Norman Foster designed metro. It is a good place to stay.
The Frank Gehry designed Guggenheim Museum was opened in 1997
and has drawn hosts of visitors ever since. It is a fantastic structure of
titanium and glass, designed to resemble fish scales. Inside, light pours
into the lofty spaces which can accommodate very grand scale exhibits.
The permanent exhibits do not have the drawcards found in the world's
major museums but there are always interesting temporary exhibitions
and we were lucky enough to discover a major exhibition of Alexander
Caldor's fascinating mobiles.
A short train trip from
Bilbao is Gernika, grimly
remembered because of
the bombing of the city
in 1937. It is a quiet
place today, going about
its business without a
great deal of interest
from outside. An
excellent little museum
has many photos and
models and a very moving film is shown, simulating the nightmarish events of the day
when German planes dropped bombs on a crowded market place. In the town itself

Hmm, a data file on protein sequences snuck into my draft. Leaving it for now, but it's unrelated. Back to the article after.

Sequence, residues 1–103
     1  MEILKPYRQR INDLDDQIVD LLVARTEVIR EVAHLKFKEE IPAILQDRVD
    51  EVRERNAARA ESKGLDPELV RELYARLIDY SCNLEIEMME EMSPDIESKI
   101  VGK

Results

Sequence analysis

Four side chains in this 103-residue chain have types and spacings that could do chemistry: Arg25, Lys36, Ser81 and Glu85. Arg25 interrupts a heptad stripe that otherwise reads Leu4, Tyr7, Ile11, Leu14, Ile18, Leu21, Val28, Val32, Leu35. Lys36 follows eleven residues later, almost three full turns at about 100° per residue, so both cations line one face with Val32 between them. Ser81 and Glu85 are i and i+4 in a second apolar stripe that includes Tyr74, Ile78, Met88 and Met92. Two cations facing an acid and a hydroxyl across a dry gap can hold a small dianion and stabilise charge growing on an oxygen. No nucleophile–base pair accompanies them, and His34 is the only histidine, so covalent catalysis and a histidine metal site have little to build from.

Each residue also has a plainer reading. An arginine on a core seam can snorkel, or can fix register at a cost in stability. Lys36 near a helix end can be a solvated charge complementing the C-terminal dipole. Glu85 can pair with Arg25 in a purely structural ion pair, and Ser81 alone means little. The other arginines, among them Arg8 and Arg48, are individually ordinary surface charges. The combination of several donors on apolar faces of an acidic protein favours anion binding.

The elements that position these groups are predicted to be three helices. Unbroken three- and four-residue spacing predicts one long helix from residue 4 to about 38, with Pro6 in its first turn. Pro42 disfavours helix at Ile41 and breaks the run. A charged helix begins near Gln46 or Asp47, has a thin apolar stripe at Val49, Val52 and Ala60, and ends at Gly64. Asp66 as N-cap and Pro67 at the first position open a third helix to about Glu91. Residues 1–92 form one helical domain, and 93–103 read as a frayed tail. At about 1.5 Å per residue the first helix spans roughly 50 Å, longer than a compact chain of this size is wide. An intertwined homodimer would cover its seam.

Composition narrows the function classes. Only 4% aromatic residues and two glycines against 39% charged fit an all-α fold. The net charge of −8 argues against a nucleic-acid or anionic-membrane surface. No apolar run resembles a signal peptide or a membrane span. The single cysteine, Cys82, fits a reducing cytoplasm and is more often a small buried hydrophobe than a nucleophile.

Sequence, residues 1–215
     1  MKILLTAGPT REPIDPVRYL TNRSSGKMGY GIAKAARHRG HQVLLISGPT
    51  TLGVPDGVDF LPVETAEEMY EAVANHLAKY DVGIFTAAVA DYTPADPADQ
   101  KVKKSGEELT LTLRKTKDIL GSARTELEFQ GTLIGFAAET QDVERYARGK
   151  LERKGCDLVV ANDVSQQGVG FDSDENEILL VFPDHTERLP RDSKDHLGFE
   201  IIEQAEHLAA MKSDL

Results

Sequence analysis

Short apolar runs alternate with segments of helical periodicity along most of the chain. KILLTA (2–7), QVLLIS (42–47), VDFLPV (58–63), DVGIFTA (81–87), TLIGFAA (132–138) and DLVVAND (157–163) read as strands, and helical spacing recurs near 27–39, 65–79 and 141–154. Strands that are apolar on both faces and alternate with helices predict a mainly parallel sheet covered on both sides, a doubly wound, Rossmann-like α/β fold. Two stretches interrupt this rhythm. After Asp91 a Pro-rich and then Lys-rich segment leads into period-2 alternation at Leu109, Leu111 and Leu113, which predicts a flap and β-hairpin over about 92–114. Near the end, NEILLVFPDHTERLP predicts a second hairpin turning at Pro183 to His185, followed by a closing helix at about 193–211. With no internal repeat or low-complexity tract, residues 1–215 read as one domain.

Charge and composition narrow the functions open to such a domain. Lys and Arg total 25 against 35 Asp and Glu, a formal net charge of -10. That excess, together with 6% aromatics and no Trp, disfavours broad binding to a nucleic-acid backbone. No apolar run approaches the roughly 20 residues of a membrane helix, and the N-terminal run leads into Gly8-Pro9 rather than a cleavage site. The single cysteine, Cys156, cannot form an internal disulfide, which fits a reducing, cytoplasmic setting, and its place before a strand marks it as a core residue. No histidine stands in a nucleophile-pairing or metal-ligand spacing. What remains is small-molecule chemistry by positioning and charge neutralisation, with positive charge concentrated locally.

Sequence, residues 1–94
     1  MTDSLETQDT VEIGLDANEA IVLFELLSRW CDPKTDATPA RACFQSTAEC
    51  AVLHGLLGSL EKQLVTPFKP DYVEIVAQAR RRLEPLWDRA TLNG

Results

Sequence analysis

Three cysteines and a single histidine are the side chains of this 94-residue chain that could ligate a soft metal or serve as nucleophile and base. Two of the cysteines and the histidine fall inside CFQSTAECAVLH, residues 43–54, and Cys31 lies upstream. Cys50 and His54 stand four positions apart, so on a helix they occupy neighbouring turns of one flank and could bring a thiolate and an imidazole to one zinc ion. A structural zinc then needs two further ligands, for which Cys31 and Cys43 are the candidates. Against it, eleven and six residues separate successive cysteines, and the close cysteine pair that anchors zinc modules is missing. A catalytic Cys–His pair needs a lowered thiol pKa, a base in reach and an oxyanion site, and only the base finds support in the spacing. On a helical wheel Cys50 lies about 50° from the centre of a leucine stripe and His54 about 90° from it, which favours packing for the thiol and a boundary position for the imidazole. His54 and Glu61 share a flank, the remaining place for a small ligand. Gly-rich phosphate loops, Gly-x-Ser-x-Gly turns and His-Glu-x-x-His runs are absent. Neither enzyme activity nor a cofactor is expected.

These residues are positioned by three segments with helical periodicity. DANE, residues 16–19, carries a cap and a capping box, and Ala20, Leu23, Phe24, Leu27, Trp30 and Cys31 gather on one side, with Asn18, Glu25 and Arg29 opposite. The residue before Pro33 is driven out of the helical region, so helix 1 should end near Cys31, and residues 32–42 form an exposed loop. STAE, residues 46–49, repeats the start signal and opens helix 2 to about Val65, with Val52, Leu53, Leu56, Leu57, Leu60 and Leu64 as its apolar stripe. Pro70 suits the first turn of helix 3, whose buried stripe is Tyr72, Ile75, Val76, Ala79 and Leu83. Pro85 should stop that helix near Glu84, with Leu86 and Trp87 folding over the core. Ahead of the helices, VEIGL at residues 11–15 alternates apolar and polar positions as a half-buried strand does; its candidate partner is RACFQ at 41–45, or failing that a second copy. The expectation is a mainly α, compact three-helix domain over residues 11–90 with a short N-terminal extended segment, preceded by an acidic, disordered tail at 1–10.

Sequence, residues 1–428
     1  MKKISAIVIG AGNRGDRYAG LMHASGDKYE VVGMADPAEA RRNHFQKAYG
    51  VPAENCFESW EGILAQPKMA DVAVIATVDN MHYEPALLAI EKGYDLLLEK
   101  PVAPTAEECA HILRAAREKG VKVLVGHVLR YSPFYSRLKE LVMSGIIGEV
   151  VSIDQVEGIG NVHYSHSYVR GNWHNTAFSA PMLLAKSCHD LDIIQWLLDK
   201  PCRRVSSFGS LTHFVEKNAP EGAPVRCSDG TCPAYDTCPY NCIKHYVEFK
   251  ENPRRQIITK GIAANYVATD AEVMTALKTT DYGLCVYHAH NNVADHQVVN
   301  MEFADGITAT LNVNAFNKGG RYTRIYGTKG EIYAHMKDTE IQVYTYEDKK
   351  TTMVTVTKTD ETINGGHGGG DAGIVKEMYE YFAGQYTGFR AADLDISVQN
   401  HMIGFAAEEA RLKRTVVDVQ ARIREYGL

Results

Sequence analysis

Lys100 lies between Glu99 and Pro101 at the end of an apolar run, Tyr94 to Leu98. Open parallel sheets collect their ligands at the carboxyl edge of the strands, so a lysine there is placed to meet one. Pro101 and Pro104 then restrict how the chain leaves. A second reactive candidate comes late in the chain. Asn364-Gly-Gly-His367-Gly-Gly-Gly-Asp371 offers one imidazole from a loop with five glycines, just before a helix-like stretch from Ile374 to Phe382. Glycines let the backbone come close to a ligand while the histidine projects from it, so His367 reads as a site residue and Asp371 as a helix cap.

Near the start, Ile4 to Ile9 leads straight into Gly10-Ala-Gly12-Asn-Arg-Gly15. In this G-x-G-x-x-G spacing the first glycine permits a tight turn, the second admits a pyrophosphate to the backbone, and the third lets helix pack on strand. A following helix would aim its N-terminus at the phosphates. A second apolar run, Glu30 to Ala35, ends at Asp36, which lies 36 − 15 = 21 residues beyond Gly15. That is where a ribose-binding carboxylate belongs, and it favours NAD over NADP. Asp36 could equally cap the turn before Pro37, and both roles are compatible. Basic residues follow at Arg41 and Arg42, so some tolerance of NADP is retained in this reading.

there is a full size mosaic of Picasso's great painting.
Galicia - Santiago de Compostella
and the Coast
Santiago de Compostella
In Galicia, the pilgrim routes coming from all directions converge on Santiago de
Compostella. The pilgrimage to Santiago, el camino, has become an amazing
phenomen with the number of pilgrims reaching the Cathedral of Santiago growing
enormously over the years. The peak was reached in 2010, a holy year, when 272,135
pilgrims received their certificado. The following year 2011, there was some respite with
only 183,366 arriving. In 1988, when we did our stage between Le Puy and Conques in
France (link) only 3,501 completed the journey. It has become a craze, a symbol of "self
discovery", almost a cult, but most of all a huge business.
We have visited Santiago twice and somewhat defiantly, never arrived on foot. The first
time we came by train from Portugal and the second time drove our hire car into the
enormous car park that has been excavated under the town. Notwithstanding the number
of visitors, Santiago is a charming and agreeable town - or at least it was when we